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Business owners are now concerned about how they are spending capital on solutions to help them to avoid procedural interruptions. One issue that all businesses should be aware of—and work to mitigate—is the loss of data that can cause these interruptions.
There are many ways that data loss can take place. Malware can permanently delete your data, and ransomware can do the same (we aren’t even entertaining the notion that paying the ransom will return your data to you). Accidentally or intentionally, your end users could be the cause of data loss through deletion or overwriting data. Physical devices can be damaged and fail. When all is said and done, if your data is only stored in one place you will eventually lose it to some degree if you are unfortunate enough not to have a plan in place.
At any scale, data loss can negatively impact your business and its operations. Consider what could happen if just one sales proposal was lost. If the salesperson who was working on it had no means of restoring it, they would have to go back and do it again. As a result, that’s time that could be spent on sales calls or even making more progress on the sale in question.
Now, what if it was more than just an individual file, what if it was an entire server? That could mean the loss of an entire database, years of client records and data, or months of planning and preparation for the future. In other words, your entire company would feel the impact of this one event. Going further, some data loss events (based on how much data was lost and what kind of data it was) legally require you to officially report them. This is particularly the case when a data breach is involved, but even that can lead to your data being damaged in some way. Any devices that are lost or stolen also need to be treated as data loss, with your business working to minimize the damage and make all the proper notifications.
By now, it should be obvious that data loss is something to avoid, as its ramifications are thoroughly negative. The nice thing is, preventing data loss isn’t all that complicated—and, when compared to the alternative, far less costly. All it takes is a secure and reliable backup.
To accomplish this, every bit and byte of data you have needs to be stored in a minimum of three places. One copy is the original, the one saved on your workstation or for extra credit, on your network server. Technically, even this “one” copy of data should be duplicated across multiple server drives in a configuration known as a RAID array, which can lead to improved performance and security.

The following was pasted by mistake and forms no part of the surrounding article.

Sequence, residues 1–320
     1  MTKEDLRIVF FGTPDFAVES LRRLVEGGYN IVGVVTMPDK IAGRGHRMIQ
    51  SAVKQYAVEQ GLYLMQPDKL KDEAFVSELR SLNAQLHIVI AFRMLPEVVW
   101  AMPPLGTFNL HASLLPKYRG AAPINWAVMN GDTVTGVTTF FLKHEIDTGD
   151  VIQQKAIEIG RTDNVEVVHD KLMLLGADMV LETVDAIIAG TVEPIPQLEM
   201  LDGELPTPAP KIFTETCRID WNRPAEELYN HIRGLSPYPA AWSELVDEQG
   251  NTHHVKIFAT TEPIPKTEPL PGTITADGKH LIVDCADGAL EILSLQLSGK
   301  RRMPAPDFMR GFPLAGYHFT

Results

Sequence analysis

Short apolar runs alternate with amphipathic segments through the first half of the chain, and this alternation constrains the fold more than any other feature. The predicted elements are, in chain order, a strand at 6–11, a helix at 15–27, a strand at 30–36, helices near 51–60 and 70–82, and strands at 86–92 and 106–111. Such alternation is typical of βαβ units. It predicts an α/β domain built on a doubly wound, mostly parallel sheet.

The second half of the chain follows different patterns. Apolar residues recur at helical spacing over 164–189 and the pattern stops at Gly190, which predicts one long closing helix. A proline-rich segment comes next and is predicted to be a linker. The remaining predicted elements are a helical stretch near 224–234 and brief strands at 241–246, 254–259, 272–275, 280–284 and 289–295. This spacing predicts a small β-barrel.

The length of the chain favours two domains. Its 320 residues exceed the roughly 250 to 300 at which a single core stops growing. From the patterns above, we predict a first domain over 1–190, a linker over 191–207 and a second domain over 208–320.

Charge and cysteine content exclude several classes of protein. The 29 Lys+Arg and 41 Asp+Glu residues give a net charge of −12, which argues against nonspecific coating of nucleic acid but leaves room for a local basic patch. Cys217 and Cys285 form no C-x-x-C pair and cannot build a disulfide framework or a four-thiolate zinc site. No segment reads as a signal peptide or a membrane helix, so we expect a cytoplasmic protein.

The second copy of your data should be on another network device, whether that’s another full server or a NAS (Network Attached Storage) device, which is a dedicated backup device that takes an ongoing record and duplicates it to an offsite location.
This offsite location is where your third comprehensive copy of your data should be kept, ideally in the cloud. This copy serves as your insurance policy should some event create wide-spread data loss within your business and will enable some level of functionality to continue in the face of a disaster.
We deploy a tool called a BDR, short for Backup and Disaster Recovery. By replicating a business’ data incrementally, encrypting it, and storing it offsite, the BDR serves as a form of data insurance. Whether we need a quick data restoration or a substitute server if one fails, our BDR helps keep us in business in the short and long-term.
Make no mistake: data loss can be a terrible thing for your business. Fortunately, it can be somewhat simple to avoid with the right preparations and resources. To learn how HUB Technology Solutions can help you avoid data loss in your own operations, reach out to us at 204-772-8822 today.
Troy is a life-long entrepreneur who is passionate about helping business owners solve complex business problems with technology. He enjoys sharing knowledge to help other businesses succeed.
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